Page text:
Cropped version of File:Official portrait of Barack Obama.jpg. The image was cropped at a 3:4 portrait ratio, it was slightly sharpened and the contrast and colors were auto-adjusted in photoshop. This crop, in contrast to the original image, centers the image on Obama's face and also removes the flag that takes away the focus from the portrait subject. (Photo credit: Wikipedia)
As I roam the blogosphere, the criticisms I see of President Obama often make no sense at all. What is causing much of the lies and distortions that are wildly off the mark? I must conclude that they are based on fear of someone different and frankly on race.
Barack had a black father and a white mother. Yet in the blogosphere, all that critics of Barack talk about is his father and how great an influence his father had on him. Hardly any mention is made of Barack’s mother, Ann Durham, nor of her influence on Barack before her death in November, 1995 when Barack was 34 years old. After his father abandoned his mother in Hawaii, Barack saw his father only once for about 4 weeks when he was 10 years old. Barack received half his genetic inheritance from his mother and the vast majority of the environment that shaped him came from her, not his absent father. Both Barack’s father and mother were very smart people; Barack received his intelligence from both of them. While his mother was working in Indonesia on her research, he lived with his white grandparents in Hawaii.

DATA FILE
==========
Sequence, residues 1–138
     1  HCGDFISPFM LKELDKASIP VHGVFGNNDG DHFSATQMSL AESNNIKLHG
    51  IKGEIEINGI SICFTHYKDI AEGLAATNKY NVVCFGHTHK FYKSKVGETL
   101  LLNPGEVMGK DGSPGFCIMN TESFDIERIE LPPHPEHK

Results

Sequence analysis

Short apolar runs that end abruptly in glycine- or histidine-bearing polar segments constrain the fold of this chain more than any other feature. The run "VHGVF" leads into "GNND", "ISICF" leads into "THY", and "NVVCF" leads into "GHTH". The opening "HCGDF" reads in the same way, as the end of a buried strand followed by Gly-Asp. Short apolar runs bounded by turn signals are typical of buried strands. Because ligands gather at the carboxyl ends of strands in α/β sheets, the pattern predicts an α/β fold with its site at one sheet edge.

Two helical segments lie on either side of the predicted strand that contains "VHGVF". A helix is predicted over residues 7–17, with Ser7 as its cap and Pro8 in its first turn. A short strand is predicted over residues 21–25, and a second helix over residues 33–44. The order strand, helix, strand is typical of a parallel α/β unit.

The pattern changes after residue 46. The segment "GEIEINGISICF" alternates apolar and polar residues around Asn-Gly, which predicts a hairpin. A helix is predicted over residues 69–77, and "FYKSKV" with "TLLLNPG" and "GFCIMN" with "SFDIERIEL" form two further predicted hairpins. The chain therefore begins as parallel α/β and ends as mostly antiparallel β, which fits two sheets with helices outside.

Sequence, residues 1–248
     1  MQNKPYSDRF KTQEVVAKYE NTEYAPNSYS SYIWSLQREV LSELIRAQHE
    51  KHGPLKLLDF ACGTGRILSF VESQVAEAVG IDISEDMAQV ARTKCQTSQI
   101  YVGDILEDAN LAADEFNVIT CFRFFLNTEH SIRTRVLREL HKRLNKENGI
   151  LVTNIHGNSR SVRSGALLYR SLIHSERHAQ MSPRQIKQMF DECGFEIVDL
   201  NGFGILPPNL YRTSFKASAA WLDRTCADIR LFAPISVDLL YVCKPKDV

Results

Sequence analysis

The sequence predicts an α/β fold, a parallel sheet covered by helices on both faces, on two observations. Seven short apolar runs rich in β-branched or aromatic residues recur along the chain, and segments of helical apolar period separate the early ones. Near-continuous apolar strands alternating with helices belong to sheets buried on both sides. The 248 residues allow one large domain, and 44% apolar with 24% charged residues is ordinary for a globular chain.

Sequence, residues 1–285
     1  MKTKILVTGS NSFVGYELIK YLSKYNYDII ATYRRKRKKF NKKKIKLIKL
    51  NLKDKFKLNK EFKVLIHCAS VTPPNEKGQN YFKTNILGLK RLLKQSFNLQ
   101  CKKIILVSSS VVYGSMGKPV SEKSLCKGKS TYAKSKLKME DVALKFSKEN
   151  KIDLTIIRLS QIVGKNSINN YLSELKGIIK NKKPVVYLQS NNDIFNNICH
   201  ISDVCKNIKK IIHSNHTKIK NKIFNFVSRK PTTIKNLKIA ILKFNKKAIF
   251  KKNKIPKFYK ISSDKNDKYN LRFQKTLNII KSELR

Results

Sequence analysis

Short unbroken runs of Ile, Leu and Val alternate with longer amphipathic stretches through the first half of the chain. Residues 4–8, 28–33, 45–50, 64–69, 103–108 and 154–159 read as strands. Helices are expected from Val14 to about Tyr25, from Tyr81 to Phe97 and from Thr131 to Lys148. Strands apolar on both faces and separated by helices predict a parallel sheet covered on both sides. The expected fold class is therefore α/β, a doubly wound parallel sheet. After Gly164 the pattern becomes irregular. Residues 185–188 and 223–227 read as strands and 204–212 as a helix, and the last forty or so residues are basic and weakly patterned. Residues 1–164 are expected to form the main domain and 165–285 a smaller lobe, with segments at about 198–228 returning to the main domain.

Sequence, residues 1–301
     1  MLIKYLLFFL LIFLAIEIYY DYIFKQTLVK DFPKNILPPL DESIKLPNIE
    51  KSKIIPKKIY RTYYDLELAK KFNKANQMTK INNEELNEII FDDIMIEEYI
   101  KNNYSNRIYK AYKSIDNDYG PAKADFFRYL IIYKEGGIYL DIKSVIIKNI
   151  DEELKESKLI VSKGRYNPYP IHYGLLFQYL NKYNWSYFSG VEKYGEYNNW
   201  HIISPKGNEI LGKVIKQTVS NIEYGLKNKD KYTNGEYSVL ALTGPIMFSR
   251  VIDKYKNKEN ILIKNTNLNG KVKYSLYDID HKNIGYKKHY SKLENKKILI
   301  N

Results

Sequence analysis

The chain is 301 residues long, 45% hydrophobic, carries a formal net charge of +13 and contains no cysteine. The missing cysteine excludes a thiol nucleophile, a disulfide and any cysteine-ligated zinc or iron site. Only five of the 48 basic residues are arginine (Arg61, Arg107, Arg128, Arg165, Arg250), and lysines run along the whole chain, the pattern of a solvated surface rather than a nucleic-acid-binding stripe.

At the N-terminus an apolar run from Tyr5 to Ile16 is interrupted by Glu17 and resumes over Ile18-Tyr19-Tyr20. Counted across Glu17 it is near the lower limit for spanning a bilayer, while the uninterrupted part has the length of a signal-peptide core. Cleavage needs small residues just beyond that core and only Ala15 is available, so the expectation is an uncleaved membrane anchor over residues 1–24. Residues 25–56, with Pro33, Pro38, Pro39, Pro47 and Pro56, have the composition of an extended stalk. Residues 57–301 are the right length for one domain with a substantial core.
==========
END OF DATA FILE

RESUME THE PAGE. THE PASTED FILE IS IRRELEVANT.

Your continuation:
Barack’s critics label him as black. Having met the man briefly and watched him speak in person, I like to tell his critics that he is not black, he is a rich brown. To emphasize that fact, I tell them that he is mocha, not black. If they cannot understand that, they need to adjust the gamma of their computer monitors or the color controls on their TVs. I have noticed a difference on TV from one station to another, and I sometimes wonder if the difference is deliberate.
P. S. While thinking about this article, I was suddenly struck with the realization that Barack Sr. visited his wife and son in Honolulu for the only time in December 1971, and I was there, making my first visit to Honolulu. If only I had known then what we all know now, I could have met the family at their reunion.
Please see Racial discrimination